News & Columns

Archaeology and Tourism – In Search of a Balance

By Karin Elgin-Nijhuis

According to Cynthia Dunning Thierstein and Aurélia Basterrechea, the tourism industry is often hesitant to include archaeology and archaeological remains in their visitor experience development and destination marketing activities. Their perception of archaeology still suffers a bit from the cliché of “old stones” not having commercial viability. Archaeological remains are seen as the domain of archaeologists who may lack skills in communication and visitor experience development and whose voices may not be heard.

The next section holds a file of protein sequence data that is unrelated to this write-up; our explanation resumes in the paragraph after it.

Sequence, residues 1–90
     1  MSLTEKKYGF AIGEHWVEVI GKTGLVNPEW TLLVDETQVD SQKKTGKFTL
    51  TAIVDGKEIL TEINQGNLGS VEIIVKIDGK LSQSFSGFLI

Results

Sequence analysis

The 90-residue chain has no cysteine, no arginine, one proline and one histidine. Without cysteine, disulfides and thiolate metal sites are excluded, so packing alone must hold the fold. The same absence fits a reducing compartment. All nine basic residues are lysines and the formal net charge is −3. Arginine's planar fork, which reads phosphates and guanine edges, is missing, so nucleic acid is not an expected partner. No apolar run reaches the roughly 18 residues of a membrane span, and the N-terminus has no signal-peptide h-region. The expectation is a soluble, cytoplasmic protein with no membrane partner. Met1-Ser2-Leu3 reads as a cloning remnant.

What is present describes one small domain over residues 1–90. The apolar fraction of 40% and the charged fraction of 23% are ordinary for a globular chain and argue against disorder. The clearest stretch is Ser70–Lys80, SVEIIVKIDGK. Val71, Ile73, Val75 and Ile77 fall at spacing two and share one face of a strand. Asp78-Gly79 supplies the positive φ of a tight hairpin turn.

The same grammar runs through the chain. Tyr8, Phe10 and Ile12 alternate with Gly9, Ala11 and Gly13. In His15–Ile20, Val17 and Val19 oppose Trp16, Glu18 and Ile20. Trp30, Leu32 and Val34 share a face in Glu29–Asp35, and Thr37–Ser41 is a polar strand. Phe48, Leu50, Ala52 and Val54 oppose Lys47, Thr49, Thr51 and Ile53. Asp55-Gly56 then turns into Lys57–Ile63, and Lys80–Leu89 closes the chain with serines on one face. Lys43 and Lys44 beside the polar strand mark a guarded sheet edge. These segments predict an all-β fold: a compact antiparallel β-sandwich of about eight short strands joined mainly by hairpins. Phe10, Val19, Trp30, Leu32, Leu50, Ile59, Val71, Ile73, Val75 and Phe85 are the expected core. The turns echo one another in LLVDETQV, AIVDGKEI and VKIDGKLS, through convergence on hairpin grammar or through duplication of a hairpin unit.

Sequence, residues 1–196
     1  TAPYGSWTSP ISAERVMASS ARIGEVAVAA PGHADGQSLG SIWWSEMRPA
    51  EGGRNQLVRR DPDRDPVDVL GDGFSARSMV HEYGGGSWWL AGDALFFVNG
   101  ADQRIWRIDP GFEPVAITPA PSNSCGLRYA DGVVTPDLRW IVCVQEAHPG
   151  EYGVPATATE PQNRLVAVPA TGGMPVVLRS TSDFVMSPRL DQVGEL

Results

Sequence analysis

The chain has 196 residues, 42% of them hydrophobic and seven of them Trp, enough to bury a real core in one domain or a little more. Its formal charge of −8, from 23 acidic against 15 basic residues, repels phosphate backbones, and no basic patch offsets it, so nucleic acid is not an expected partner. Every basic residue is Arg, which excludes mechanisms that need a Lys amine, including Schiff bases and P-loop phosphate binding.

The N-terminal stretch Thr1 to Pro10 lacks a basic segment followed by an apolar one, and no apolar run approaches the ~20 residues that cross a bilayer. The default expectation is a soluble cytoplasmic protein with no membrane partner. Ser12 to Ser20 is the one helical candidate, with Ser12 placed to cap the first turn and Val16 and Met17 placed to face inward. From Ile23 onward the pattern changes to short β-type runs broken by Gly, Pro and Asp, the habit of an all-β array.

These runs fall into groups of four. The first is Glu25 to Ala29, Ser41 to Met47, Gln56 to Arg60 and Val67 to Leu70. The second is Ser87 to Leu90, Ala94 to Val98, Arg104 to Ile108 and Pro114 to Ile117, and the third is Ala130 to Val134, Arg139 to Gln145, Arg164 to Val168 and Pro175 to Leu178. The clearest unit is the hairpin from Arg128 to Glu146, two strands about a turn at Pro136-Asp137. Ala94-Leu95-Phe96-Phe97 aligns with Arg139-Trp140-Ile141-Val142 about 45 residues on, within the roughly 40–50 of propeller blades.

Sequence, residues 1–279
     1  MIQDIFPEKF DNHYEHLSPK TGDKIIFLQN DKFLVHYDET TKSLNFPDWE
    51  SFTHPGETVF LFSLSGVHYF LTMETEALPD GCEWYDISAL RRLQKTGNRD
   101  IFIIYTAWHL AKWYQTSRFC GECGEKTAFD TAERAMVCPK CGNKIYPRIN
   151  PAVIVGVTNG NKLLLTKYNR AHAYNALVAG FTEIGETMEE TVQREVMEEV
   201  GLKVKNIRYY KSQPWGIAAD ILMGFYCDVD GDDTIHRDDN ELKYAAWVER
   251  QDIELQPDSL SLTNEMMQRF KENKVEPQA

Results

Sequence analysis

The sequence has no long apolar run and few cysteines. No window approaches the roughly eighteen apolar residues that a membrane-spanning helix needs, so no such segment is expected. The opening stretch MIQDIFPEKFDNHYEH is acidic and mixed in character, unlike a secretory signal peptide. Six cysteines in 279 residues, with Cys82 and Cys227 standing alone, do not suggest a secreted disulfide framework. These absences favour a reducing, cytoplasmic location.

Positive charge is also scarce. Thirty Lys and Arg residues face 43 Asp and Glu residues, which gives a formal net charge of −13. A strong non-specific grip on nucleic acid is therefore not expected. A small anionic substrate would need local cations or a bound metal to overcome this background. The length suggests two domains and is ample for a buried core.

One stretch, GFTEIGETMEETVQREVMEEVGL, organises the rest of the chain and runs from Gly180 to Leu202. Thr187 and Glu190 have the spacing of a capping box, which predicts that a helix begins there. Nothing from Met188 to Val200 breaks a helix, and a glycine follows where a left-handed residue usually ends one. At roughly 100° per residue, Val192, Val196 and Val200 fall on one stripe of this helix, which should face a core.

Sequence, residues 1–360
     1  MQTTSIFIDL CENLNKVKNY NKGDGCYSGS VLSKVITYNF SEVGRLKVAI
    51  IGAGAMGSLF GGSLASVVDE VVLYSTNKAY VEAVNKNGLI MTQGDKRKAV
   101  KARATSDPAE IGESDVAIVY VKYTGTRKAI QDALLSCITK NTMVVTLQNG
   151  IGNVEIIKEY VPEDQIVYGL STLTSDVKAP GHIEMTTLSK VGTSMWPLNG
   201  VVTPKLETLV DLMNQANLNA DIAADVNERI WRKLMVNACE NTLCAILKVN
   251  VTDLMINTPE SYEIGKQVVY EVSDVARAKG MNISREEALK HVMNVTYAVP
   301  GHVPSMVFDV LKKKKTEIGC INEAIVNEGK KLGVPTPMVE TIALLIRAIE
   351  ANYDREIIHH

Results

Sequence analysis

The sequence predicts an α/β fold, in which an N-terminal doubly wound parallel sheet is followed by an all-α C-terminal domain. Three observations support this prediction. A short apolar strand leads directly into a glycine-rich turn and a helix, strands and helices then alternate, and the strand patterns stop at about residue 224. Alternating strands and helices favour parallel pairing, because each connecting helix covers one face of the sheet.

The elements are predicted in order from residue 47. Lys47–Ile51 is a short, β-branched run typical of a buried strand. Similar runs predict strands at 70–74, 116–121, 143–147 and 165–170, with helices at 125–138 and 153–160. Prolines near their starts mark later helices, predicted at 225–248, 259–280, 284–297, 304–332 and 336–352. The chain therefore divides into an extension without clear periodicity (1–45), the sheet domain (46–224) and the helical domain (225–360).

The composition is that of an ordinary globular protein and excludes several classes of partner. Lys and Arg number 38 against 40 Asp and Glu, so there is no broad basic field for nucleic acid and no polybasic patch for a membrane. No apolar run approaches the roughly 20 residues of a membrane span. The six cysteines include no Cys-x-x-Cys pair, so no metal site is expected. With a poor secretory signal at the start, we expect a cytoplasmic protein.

Dunning Thierstein and Basterrechea will present the work of ArchaeoConcept, specialist in the field of modern, effective and sustainable (archaeological) heritage management development in Switzerland and abroad, and of ArchaeoTourism, an association that aims to develop a “common language” between archaeology and tourism and fosters the collaboration between professionals in these two fields.

Photo: Race of prehistoric dugout canoes on the lake of Biel in Switzerland, an example of the tourism activities the association ArchaeoTourism organises together with local cultural institutions.

6 February 2020